Given the importance of airline alliances to Chinese carriers, and considering growing competition from Korean and Japanese carriers on transpacific routes, Chinese government agencies may be motivated to look favorably on attempts to seek immunity. This attitude would be consistent with the AML's industrial policy considerations. For example, an agreement may be exempted from application of the AML for "protecting legitimate interests in foreign trade and economic cooperation." Similarly, in the context of merger review, MOFCOM must assess the effect of a transaction on the "development of the national economy." These industrial policy considerations easily could be employed by Chinese agencies to justify allowing Chinese carriers to enter into extensive cooperation agreements with foreign carriers.
1 See generally about the AML, the book coauthored by Jones Day lawyers, including the authors of this article: Anti-Monopoly Law and Practice in China, Oxford University Press, 2011, 574 pages.
2 At this stage, it seems that the relevant turnover to be taken into account is the worldwide turnover at the group level.
3 The term "metal neutral" refers to the carriers participating in an integrated joint venture alliance being indifferent to which member's airplane (metal) carries a passenger, due to their sharing the costs and benefits of operation within the alliance. The alliance between Alitalia and KLM (Case No COMP/JV.19) was regarded by the European Commission as a full-function joint venture, even though the companies did not create a corporate vehicle for their cooperation.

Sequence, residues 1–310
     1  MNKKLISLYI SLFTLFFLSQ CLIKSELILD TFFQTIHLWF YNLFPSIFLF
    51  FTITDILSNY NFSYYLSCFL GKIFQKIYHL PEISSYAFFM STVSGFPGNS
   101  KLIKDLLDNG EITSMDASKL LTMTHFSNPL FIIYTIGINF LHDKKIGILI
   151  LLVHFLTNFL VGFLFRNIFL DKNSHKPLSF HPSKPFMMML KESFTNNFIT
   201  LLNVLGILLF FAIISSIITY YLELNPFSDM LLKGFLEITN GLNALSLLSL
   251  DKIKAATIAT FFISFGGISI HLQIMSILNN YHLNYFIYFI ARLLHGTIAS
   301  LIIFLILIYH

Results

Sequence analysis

4 Rules by the Supreme People's Court on Certain Issues relating to Application of Laws for Hearing Cases of Civil Disputes caused by Monopoly Conduct (draft of April 25, 2011), available in Chinese here.
5 See Jones Day's Antitrust Alert, "China's Supreme Court to Set Framework for Antitrust Litigation," available here.
6 See Jones Day's Antitrust Alert, "Chinese Supreme People's Court Sets Framework for Antitrust Litigation," available here.
7 Another option would be to file for amnesty under both agencies' rules, but at this stage, there are many unanswered questions surrounding amnesty in China. See S. Evrard and Yizhe Zhang, "Cartels," in Competition Law in the BRICS Countries, Kluwer, 2012.